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family law specialists

Professional Will Writing

Nobody likes to think about their own demise and for this reason many people do not make arrangements for how their property and possessions are to be dealt with when they die. Many people intend to make a will, but simply do not get round to doing it. Others have a will but do not review it when their circumstances change, for example, on separation or divorce. All of these scenarios can produce an outcome which that person did not intend.

The answer is to make a will. Making a will is a simple and quick process which allows you to set out clearly how you want your estate to be divided, who you want to deal with it and any other wishes you want to survive beyond your lifetime. Amongst other things, a will allows you to:

  • Leave individual items, e.g. jewellery or items of sentimental value, to a specific person
  • Appoint guardians to care for your children
  • Provide for an unmarried partner (not automatically recognised by the law in the same way as a spouse or civil partner)
  • Deal with your assets in a tax efficient way
  • Make a gift to charity
  • Avoid claims being made against your estate by those dependent on you financially, e.g. an ex-spouse

Although it is possible to make a will without the help of a solicitor, it is generally not advisable as there are various legal formalities you need to follow to make sure your will is valid. Without the help of an expert with up to date legal training and experience, there is a real risk you could make a mistake, causing problems for your family and friends after your death. Solicitors are regulated by the Solicitors’ Regulation Authority and are required to keep up to date with any changes in the law and to carry indemnity insurance to protect their clients’ interests.

Types of Will

Single Will

This type of Will is a document created by an individual and sets out some fairly simple wishes about what happens on their death. Typically it will set out:

  • Appointment of Executors
  • Noting any specific gifts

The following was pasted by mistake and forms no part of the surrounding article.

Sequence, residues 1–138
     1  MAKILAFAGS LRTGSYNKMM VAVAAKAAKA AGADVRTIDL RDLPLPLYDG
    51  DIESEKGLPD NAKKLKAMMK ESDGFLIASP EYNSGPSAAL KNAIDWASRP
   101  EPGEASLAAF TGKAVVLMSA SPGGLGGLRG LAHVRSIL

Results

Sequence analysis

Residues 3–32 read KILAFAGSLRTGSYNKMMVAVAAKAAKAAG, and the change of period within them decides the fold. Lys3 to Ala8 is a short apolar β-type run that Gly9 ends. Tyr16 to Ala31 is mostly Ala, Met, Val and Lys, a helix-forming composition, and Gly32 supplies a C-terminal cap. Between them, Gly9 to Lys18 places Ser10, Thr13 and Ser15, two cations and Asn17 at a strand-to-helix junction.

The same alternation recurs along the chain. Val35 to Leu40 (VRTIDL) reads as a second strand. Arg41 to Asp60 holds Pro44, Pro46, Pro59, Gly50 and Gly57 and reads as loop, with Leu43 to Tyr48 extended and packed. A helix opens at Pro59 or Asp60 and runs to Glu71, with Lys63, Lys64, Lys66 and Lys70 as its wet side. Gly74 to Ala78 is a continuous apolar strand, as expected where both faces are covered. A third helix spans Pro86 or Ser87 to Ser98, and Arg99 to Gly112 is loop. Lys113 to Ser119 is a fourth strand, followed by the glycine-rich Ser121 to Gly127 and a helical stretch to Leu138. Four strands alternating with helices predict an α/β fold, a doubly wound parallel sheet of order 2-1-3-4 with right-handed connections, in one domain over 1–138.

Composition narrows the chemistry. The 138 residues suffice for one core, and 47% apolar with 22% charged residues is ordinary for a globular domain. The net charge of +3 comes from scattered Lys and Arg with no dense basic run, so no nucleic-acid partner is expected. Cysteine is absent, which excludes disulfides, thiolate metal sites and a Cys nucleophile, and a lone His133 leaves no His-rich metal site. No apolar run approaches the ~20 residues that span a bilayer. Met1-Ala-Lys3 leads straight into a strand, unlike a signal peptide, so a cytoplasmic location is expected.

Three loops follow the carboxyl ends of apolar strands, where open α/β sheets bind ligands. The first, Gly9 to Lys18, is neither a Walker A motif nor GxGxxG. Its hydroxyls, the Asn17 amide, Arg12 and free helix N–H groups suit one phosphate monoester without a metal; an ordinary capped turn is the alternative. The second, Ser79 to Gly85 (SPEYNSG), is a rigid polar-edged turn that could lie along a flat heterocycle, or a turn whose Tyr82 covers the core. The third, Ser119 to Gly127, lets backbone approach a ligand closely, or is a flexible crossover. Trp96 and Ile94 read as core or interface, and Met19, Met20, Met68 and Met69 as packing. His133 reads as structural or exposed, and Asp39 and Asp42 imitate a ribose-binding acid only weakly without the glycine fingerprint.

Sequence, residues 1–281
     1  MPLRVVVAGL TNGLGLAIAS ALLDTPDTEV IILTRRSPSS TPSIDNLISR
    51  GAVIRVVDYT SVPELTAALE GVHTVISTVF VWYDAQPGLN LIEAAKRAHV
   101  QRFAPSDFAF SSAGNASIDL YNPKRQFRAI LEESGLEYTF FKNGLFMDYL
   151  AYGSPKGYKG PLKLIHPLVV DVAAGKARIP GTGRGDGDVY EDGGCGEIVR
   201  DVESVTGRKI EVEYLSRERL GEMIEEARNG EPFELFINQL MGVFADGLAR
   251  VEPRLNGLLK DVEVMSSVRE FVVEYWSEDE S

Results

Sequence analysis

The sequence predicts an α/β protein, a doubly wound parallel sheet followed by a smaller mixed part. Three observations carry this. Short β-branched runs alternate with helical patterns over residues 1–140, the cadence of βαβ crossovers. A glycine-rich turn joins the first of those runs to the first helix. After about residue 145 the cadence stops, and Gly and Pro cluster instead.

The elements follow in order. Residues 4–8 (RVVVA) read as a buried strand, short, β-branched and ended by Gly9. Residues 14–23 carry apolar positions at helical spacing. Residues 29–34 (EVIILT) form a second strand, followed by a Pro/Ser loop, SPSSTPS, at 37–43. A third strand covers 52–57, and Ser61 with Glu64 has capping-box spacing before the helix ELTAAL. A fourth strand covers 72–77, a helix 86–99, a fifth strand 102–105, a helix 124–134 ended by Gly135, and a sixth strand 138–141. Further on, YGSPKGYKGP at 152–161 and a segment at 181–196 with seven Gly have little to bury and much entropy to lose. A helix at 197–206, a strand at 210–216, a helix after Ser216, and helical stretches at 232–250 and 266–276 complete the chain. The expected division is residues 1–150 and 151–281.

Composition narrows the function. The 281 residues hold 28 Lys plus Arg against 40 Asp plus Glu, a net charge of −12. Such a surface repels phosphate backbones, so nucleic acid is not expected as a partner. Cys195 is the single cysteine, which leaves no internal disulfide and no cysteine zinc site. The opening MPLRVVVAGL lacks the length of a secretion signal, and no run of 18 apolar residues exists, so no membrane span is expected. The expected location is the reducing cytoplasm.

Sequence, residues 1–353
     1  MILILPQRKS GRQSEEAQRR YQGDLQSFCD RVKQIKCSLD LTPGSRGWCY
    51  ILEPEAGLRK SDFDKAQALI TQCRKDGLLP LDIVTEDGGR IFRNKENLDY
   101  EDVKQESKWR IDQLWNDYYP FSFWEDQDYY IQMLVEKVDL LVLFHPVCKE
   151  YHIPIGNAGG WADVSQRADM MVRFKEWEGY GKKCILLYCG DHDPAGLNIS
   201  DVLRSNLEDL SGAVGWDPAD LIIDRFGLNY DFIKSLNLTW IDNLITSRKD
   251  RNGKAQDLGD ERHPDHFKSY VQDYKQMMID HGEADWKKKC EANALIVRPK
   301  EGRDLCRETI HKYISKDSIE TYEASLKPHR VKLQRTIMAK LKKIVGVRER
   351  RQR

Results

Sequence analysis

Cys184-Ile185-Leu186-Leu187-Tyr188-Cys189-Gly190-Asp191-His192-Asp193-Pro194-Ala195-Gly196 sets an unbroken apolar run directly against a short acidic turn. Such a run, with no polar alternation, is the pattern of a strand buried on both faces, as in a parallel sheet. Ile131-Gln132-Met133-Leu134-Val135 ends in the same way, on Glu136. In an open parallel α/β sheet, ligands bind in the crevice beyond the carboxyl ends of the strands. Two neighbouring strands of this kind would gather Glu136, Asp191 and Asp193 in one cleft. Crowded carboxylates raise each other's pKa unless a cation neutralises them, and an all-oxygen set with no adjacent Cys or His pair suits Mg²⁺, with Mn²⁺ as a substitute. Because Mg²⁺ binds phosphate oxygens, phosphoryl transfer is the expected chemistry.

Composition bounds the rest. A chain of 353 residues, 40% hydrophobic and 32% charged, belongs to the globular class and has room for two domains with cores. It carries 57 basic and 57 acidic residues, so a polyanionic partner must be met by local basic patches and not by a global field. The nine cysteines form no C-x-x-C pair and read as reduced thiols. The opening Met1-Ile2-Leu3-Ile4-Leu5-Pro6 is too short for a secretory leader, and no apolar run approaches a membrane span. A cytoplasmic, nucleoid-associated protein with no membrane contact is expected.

• Nominating a beneficiary who will receive the remainder of the Estate after all other beneficiaries have received their inheritance and all debts have been paid
  • Nominating guardians for any children
  • Specifying any charitable gifts
  • Outlining your desired funeral arrangements

Mirror Wills

Mirror wills are suitable for a couple who have the same or very similar wishes upon their death. The documents will contain essentially the same information as a single will but typically structured so that each will specifies that the estate will be left to the spouse and then alternative beneficiaries upon the death of the surviving spouse.

As the content of each document tends to “mirror” the content of the other, this option is typically more cost effective than having individual wills as well as giving more control over the wishes of both parties.

Your Property

If you own your property in joint names with another person, you can create a trust for the survivor to retain a right to live in the house for the remainder of their life.  This may be beneficial if the survivor needs to pay for care at a later stage, as the Local Authority can only assess the value of the survivor’s share of the property.  The share that is held in trust is not included and as such, it is protected from care home costs.

In order for the trust to be effective, you must hold your property as Tenants in Common so that your interest can be passed by means of your Will.  Many couples own their property as Joint Tenants so that the interest can automatically pass to the survivor.  If you are not sure how your property is held, we can carry out an online search at the Land Registry for you. If your property is held as Joint Tenants, but you wish to include a lifetime trust in your Wills, we can apply to sever your tenancy at the Land Registry.  The Land Registry will amend the Registers of Title relating to your property so that you are listed as Tenants in Common instead.

Our costs list for our Will writing services are laid out on the fee page – here